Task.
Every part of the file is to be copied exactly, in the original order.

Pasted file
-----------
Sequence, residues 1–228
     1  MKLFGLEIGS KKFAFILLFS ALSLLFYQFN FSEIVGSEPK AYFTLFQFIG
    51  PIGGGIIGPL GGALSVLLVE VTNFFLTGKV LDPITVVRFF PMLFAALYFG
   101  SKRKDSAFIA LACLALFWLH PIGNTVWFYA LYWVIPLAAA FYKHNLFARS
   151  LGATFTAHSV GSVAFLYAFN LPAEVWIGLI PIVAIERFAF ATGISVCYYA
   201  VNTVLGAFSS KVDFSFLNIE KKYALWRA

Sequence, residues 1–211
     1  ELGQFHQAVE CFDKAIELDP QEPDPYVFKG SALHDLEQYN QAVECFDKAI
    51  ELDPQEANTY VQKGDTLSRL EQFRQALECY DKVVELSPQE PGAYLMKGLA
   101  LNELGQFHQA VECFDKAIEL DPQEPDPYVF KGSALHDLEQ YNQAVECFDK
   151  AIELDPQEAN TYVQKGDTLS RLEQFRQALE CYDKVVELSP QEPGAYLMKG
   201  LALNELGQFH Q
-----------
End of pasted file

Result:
Sequence, residues 1–228
     1  MKLFGLEIGS KKFAFILLFS ALSLLFYQFN FSEIVGSEPK AYFTLFQFIG
    51  PIGGGIIGPL GGALSVLLVE VTNFFLTGKV LDPITVVRFF PMLFAALYFG
   101  SKRKDSAFIA LACLALFWLH PIGNTVWFYA LYWVIPLAAA FYKHNLFARS
   151  LGATFTAHSV GSVAFLYAFN LPAEVWIGLI PIVAIERFAF ATGISVCYYA
   201  VNTVLGAFSS KVDFSFLNIE KKYALWRA

Sequence, residues 1–211
     1  ELGQFHQAVE CFDKAIELDP QEPDPYVFKG SALHDLEQYN QAVECFDKAI
    51  ELDPQEANTY VQKGDTLSRL EQFRQALECY DKVVELSPQE PGAYLMKGLA
   101  LNELGQFHQA VECFDKAIEL DPQEPDPYVF KGSALHDLEQ YNQAVECFDK
   151  AIELDPQEAN TYVQKGDTLS RLEQFRQALE CYDKVVELSP QEPGAYLMKG
   201  LALNELGQFH Q